Gary Wilson had a basic plan for his ’53 Chevy truck and it didn’t involve 21st century tech.
He’s a firm believer in old school techniques and a lot of hard work.
His ’53 Chevy truck is the end result.
Most car guys have a basic blueprint when they start a project because old rides are complicated even though the engineering is over sixty years old.
This means you have to plan it better than sketching a diagram on a cocktail napkin.
Despite the technical complications, Gary’s project was based on a simple philosophy: “You have to do a restoration from the heart. This was in direct conflict with sound advice he’d received in the past: “Never fall in love with a vehicle”.
This ’53 Chevy was like most projects—long and difficult: “This took five years but I knew one thing-I gotta build it. It was definitely a challenge and you have to go through the range of emotions for sure. This is a nut and bolt build for sure from end to end and everything was done right because this truck doesn’t leak at all”.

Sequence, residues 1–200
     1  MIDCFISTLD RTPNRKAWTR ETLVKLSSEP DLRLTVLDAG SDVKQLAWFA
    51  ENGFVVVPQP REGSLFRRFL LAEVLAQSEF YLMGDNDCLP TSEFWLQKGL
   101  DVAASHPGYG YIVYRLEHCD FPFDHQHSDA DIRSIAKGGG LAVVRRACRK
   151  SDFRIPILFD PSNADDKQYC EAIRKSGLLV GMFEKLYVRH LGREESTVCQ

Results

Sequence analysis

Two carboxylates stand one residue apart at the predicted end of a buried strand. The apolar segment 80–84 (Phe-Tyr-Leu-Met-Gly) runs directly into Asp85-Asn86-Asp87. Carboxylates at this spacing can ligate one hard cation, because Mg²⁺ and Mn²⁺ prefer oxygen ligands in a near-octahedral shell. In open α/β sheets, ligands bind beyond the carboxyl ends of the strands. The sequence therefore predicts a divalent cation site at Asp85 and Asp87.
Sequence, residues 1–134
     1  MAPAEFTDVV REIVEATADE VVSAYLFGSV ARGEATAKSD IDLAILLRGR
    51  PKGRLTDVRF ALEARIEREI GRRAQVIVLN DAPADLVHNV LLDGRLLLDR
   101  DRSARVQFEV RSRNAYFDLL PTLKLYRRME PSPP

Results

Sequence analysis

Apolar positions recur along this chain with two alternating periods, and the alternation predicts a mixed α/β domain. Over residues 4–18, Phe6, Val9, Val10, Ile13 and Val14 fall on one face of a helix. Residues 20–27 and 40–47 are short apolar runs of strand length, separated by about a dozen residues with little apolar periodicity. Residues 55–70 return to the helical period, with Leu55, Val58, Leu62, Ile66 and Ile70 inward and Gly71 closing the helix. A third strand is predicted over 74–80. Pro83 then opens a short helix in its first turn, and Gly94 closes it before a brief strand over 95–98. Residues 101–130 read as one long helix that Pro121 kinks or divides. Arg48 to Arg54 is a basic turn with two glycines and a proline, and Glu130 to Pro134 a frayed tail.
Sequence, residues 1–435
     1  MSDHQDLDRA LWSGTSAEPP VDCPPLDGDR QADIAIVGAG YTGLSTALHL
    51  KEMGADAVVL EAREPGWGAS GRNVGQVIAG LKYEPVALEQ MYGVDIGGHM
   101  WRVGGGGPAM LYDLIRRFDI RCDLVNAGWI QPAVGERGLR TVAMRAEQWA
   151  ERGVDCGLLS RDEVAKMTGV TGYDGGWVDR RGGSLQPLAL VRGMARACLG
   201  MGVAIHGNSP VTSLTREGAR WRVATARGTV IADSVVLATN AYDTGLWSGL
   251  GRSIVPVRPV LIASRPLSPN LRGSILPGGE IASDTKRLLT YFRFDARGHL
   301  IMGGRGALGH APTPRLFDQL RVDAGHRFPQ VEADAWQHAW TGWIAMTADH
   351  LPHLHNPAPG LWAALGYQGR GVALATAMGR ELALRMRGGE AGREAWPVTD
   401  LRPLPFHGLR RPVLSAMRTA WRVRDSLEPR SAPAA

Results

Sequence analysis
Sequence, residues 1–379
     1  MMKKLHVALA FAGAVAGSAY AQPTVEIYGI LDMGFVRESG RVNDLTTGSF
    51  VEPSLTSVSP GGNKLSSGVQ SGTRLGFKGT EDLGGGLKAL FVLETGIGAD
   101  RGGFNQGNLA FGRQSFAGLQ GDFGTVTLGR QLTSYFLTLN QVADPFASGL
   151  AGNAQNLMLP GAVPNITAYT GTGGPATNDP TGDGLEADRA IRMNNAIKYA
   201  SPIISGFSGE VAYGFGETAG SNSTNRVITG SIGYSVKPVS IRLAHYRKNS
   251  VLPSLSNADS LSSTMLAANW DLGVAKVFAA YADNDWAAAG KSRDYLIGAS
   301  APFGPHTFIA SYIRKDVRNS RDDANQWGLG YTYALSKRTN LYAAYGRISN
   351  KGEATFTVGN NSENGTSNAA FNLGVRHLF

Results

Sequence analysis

There are some familiar components to Gary’s old truck as he explained: “It’s got a Mustang II front clip on it and the rear end is a 3:55 with discs. It’s a ’69 Vette LT1 and it’s old school so no new electronics and it probably never will have hi-tech stuff. The seats are out of a Chevy van and they’re 52 inches and it’s got a Fulton sun visor”.
Gary is particularly proud of the finish on his truck and he owes it to a lot of hard work: “This is a base coat-clear coat and the parts were painted individually”.
There was only one real problem with the restoration and it came from an odd source: “The radio was tough to find, I couldn’t touch the radio to work on it and it took a year to find one”.
This truck is definitely not a trailer or garage queen because Gary believes in time behind the wheel as he admitted: “It’s been on the road for seven years and I got about 40,000 miles on it so far. I’ve gone to Banff, Jasper and Vancouver Island etc. You take your truck out in everything, rain and weather and you just get on it.
There’s a touch of celebrity to Gary’s truck and it comes in the form of an autograph from a 70s era Canadian folk singer named Valdy: “It was at a muffler shop getting a new muffler and that’s the same shop that Valdy uses so he saw the truck in the shop. He had one just like it years ago and he signed it for me”.
The key to success with any project is a lot of hard work followed by patience, skill and a fair amount of money and that’s how Gary approached his ’53 Chevy truck.
There was one other huge factor that made this story work.
Gary had a good game plan.
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